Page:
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The world’s major economies are entering the digital age, hence technical capacity is becoming extremely important, and the needs for certain skills appears to be critical in order to address the global challenge of unemployment. This digital age has transformed the composition of the labour market for both the industries and career prospects. There is an alarming need to understand the changing needs and behaviour of the labour market

in order for business enterprises to actively use the emerging technologies and develop a talent strategy to guard against technological shocks.

With the development of the digital economy, many emerging markets and job opportunities came into being, while many of the existing careers are slowly being eliminated. Medium-paid jobs, such as mechanical operators, assemblers, office clerks and customer service, are gradually disappearing due to mechanization, automation and labour outsourcing. Occupational polarisation is happening in many parts of the world and involves all industries, especially in manufacturing.

As reported by many researchers, South Africa’s situation of persistent unemployment is amongst other things also associated with skills mismatch that affects millions of youth (new entrants in the labour market) and threatens the future of the country as we observe it today. However, the skills challenge goes beyond such rather short-term considerations. Increased low adaptability and mobility on the labour markets marked by low employment levels and considerable fiscal burdens are other key factors contributing to a dissatisfactory growth performance of the economy.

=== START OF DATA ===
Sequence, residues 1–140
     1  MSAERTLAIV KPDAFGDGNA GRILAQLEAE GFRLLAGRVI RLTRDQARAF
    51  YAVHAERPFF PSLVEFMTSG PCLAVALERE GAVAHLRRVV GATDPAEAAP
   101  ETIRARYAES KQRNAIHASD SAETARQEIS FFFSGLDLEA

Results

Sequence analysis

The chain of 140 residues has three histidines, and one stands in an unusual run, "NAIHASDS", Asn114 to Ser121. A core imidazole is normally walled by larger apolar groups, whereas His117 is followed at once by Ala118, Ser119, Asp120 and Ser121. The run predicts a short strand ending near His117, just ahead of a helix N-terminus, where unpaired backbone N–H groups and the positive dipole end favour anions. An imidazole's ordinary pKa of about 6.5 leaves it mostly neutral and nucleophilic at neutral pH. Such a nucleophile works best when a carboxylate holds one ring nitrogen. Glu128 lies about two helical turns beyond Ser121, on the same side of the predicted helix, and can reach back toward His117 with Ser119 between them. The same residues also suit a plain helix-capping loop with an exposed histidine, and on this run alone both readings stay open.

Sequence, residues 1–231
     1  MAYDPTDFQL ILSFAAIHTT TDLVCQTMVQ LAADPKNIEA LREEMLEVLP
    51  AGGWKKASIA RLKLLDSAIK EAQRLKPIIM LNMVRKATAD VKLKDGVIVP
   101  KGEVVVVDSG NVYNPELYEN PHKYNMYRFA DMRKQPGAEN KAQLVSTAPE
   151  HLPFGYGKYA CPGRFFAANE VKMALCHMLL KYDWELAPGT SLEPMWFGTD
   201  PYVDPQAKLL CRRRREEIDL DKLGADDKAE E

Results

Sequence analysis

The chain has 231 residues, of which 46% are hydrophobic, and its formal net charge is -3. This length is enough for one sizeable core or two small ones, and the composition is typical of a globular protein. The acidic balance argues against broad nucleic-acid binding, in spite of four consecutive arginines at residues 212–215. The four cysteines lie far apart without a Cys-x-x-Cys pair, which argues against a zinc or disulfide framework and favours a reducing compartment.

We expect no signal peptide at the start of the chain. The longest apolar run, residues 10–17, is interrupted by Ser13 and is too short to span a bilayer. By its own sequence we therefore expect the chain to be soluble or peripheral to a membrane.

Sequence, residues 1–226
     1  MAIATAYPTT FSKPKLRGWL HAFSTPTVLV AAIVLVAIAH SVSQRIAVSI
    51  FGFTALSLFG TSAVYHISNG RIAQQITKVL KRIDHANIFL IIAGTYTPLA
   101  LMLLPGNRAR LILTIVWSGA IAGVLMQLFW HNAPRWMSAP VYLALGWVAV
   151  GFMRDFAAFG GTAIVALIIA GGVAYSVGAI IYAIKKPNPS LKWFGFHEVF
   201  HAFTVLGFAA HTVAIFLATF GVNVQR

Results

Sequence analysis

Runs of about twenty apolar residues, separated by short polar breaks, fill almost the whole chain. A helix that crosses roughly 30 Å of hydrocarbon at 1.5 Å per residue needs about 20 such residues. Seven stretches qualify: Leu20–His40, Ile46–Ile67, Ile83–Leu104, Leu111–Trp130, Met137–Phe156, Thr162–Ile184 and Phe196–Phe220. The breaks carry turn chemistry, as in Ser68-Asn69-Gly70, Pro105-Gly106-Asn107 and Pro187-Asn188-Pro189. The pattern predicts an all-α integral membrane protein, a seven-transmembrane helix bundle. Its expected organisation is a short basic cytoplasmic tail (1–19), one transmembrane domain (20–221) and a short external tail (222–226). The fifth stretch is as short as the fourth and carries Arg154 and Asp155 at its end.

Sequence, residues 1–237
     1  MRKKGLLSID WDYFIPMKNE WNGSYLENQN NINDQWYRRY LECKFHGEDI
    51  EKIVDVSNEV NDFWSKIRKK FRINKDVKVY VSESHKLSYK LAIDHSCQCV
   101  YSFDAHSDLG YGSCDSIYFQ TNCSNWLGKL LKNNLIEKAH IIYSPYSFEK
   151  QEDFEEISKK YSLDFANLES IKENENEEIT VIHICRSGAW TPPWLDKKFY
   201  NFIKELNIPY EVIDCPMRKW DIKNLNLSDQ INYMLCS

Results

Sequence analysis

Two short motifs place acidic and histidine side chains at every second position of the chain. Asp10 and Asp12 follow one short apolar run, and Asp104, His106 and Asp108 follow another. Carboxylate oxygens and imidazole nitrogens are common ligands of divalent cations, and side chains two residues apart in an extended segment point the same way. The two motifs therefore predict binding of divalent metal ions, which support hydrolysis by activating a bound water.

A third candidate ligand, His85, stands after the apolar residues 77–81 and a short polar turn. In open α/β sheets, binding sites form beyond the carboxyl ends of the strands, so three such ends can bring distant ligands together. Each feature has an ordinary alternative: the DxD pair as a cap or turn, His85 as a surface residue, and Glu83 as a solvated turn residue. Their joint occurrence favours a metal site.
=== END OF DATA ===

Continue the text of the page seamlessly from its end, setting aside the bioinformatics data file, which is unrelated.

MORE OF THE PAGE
Against this background, the aim of achieving higher employment rates has become the core focus of the South African Government since the implementation of the National Development Plan (NDP) in February 2013. The NDP is centered on three pillars of employability such as improving education, training and innovation, economic growth and employment creation. Thus the strategic goal is to turn South Africa into a knowledge-based economy capable of producing the Gross Domestic Product (GDP) growth of 2.7 times in real terms and 24 million jobs by 2030. In this spirit, education policy can support employment policy targets by paying close attention to skill mismatches. The strategies to integrate education, research and innovation can foster skills for innovation.

The above information is found in the document below – Pay Solutions accept no responsibility for information shared from the Department of Labour website.

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